... is equal to ...
| 7001714646600000000♠71.46466 m|
An arpent ([aʁpɑ̃]) is a unit of length and a unit of area. It is a pre-metric French unit based on the Roman actus. It is used in Quebec as well as in some areas of the United States that were part of French Louisiana.
There were various standard arpents. The most common were the arpent used in North America, which was defined as 180 French feet (pied, of approximately 32.48 centimetres or 12.79 inches), and the arpent used in Paris, which was defined as 220 French feet.In North America, 1 arpent = 180 French feet = about 192 English feet = about 58.47 metres
In Paris, 1 arpent = 220 French feet = about 234 English feet = about 71.46 metres
Historically, in North America, 1 (square) arpent (arpent carré), also known as a French acre, was 180 French feet × 180 French feet = 32,400 French square feet = about 3419 square metres = about 0.845 English acres. Certain U.S. states have official definitions of the arpent which vary slightly:In Louisiana, Mississippi, Alabama, and Florida, the official conversion is 1 arpent = 0.84628 acres (3,424.8 square metres).
In Arkansas and Missouri, the official conversion is 1 arpent = 0.8507 acres (3,443 square metres).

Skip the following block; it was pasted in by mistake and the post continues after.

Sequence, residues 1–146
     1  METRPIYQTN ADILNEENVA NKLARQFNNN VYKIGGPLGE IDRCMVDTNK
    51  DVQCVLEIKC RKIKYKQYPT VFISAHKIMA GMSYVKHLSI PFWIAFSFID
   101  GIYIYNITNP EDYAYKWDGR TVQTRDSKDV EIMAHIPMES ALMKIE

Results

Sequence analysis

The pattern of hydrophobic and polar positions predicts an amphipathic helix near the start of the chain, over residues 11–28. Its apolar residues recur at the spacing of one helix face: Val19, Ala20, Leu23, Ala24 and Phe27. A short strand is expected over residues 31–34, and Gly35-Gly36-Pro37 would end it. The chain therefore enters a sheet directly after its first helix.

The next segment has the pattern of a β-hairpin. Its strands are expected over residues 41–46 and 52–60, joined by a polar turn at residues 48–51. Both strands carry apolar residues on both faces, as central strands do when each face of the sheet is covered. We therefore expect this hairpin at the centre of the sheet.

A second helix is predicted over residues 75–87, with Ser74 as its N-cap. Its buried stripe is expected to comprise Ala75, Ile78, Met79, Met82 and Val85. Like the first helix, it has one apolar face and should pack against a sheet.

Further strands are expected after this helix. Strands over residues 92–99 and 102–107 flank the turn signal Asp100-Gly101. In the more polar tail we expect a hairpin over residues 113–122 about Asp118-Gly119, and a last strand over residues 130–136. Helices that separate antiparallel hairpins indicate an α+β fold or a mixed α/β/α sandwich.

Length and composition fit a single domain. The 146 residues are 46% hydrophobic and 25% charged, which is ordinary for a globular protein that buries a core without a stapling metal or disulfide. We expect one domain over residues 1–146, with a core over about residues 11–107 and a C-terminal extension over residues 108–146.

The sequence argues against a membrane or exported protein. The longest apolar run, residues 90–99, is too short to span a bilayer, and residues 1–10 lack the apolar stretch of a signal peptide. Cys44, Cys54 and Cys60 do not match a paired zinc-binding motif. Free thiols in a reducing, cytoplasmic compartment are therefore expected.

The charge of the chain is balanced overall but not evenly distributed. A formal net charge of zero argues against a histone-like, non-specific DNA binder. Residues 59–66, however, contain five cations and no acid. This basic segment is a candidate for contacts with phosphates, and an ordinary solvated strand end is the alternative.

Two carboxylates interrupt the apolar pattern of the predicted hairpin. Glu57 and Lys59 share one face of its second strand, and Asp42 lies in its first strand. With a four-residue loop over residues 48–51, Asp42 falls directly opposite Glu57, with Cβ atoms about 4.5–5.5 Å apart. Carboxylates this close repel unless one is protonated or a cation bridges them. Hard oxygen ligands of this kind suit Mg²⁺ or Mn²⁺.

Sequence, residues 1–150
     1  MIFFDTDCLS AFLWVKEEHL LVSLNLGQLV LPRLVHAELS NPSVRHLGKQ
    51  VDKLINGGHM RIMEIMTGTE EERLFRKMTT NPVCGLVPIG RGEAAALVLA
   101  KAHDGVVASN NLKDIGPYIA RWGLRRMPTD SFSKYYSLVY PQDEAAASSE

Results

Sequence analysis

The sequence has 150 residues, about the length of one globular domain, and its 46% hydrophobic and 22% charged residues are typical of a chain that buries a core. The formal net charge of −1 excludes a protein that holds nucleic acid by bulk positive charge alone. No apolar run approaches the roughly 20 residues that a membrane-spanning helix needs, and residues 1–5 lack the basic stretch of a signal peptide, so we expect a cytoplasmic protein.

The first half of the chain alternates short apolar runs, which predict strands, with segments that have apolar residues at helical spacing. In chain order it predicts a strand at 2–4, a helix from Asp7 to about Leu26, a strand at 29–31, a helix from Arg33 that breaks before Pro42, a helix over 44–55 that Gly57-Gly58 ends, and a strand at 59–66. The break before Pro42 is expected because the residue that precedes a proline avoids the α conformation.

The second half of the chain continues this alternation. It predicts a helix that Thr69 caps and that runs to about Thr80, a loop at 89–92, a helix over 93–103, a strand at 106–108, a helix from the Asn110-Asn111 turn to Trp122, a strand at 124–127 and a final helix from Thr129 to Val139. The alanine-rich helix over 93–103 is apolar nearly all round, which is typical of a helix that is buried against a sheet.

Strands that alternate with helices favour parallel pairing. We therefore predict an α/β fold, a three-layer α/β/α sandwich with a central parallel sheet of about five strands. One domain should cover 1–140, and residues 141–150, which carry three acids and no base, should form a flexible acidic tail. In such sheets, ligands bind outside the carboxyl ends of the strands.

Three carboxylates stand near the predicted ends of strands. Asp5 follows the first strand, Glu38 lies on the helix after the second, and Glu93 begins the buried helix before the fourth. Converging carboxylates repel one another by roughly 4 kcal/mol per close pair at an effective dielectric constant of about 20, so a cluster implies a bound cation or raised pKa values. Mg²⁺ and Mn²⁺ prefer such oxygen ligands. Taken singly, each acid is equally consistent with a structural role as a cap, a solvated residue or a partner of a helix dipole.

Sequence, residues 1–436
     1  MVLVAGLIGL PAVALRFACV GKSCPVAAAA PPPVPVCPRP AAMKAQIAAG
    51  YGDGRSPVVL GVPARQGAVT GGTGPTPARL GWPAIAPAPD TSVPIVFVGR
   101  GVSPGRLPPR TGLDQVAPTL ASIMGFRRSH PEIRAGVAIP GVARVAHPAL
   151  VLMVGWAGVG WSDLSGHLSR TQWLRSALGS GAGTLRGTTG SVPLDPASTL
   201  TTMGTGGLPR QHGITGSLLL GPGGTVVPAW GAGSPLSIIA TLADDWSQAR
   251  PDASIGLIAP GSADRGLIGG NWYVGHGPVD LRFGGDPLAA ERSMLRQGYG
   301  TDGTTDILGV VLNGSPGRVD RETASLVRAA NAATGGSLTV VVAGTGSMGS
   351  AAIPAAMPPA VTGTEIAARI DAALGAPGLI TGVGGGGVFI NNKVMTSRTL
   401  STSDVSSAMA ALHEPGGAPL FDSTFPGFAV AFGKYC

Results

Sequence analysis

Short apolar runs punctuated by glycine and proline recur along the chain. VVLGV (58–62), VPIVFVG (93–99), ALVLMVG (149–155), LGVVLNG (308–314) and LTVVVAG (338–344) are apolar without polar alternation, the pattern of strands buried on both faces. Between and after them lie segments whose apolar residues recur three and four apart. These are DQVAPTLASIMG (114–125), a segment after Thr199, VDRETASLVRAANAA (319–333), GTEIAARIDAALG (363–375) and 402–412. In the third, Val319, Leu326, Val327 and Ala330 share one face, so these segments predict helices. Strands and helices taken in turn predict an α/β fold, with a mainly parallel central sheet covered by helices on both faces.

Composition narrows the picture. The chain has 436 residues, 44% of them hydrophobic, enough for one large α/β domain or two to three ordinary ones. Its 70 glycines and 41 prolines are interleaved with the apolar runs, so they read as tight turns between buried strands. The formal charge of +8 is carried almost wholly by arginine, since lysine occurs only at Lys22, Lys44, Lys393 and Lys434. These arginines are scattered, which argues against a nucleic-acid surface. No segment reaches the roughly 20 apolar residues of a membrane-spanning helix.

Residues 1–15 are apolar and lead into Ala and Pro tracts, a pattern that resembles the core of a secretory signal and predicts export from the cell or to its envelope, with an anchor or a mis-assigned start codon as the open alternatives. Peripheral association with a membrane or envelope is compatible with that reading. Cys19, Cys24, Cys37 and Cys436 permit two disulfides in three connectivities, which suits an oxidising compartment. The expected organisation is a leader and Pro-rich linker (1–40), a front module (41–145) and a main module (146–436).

In Paris, the square arpent was 220 French feet × 220 French feet = 48,400 French square feet, about 5,107 square metres or 1.262 acres.
In Louisiana, parcels of land known as arpent sections or French arpent land grants also pre-date the Public Land Survey System (PLSS), but are treated as PLSS sections. An arpent is a French measurement of approximately 192 feet (59 m), and a square arpent (also referred to as an arpent) is about 0.84 acres (3,400 m2).
French arpent land divisions are long narrow parcels of land usually found along the navigable streams of southern Louisiana, and also found along major waterways in other areas. This system of land subdivision was begun by French settlers in the 18th century, according to typical French practice at the time and was continued by both the Spanish and by the American government after the acquisition of the Louisiana Purchase. A typical French arpent land division is 2 to 4 arpents wide along the river by 40 to 60 arpents deep, while the Spanish arpent land divisions tend to be 6 to 8 arpents wide by 40 arpents deep.
This method of land division provided each land-owner with river frontage as well as land suitable for cultivation and habitation. These areas are given numbers just like standard sections, although the section numbers frequently exceed the normal upper limit of 36.